“Oddly, recent elections in the mainland Chinese village of Wukan seemed more democratic than Hong Kong’s.” Yes, it is a bit strange when you put it that way. One key difference is that the people of Wukan took to the streets, fought and overthrew the local leaders to win their rights, while soft Hongkongers sit around and moan – and don’t even do that when distracted by the Hang Seng Index bouncing up 1.7%. Like it did yesterday.
I’ve been selling into this rising market over the last few weeks. My assumption is that, at best, the global money-printing behind hot asset prices must stop, so there’s no upside from here, and, at worst, some sort of Greek or other mayhem is lurking out there and we’re due for a serious fallback. But the truth is that no-one has a clue. Sitting on cash for a while seems stupid, but so does everything else. (Searching for downtown Hong Kong-made honey recently, I even found myself gazing in a property agent’s window and musing about buying a Tai Ping Shan slum walkup to renovate – at HK$10,000 a square foot. Reality struck like a bee sting, or at least I think it was reality.)
It is not only in the field of investment options that everything seems stupid. Disappointed at the lameness of CY Leung’s supposed West Kowloon wrongdoings, aficionados of scandal perk up on hearing the news that the Transylvanian-visaged chief executive candidate might face new conflict-of-interest allegations. One slight problem is that the innuendo comes from tycoon Charles Ho’s Sing Tao media group, which is serving as rival candidate Henry Tang’s smear-spreading cheerleading team for this bizarre semi-fake, semi-real campaign. Another is that it assumes the Chairman of the Council of a Hong Kong university controls anything, when he is just a figurehead.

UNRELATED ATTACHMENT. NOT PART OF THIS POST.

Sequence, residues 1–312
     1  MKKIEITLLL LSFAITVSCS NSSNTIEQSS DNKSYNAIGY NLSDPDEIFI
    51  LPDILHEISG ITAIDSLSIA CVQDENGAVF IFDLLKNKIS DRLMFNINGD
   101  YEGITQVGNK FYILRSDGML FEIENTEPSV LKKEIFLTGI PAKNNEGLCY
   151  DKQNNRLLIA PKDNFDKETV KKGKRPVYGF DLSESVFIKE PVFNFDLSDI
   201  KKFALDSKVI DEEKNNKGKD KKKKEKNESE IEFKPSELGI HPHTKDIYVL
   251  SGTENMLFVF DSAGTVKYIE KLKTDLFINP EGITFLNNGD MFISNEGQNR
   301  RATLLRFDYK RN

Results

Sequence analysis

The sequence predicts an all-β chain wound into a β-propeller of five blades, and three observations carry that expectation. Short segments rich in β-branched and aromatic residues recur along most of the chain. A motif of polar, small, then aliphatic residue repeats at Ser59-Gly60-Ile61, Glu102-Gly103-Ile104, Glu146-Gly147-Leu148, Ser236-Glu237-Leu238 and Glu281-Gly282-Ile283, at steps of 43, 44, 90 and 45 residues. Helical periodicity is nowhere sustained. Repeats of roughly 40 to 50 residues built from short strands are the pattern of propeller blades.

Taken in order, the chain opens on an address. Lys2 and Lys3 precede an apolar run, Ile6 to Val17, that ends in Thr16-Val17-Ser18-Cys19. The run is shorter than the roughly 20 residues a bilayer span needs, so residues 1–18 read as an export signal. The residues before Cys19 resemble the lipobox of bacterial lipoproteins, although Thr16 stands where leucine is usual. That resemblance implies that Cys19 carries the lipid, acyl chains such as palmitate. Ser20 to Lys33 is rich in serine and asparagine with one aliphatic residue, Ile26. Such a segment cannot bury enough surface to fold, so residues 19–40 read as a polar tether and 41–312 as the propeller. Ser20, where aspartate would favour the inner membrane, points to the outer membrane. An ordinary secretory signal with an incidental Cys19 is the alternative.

The titles are stashed away in Chief Executive Donald Tsang’s big box of sweeties for good boys and girls. If you already have a ‘Justice of the Peace’ tag, and a shiny Gold Bauhinia Star medal, and your number-one son has already been given a seat on the Advisory Board Review Advisory Committee, and Sir Bow-Tie wants to give you another pat on the head, you end up chairing a university council. And if everyone hates you, it’ll be a university with a reputation for admitting undergraduates who failed to get into the Sara Beattie Secretarial College – namely CY’s City U.
Meanwhile, a word from Beijing’s Liaison Office over in that ugly building on Des Voeux Road West – the place where Mainland officials are so expertly pulling the strings behind the scenes of our quasi-election. It’s from Han Shuxia, who’s the Director of the Youth Department (which would do United Front work), and it’s about whether the CE ‘election’ on 25 March will result in a stalemate. “It won’t,” she says. At least we can be clear about one thing.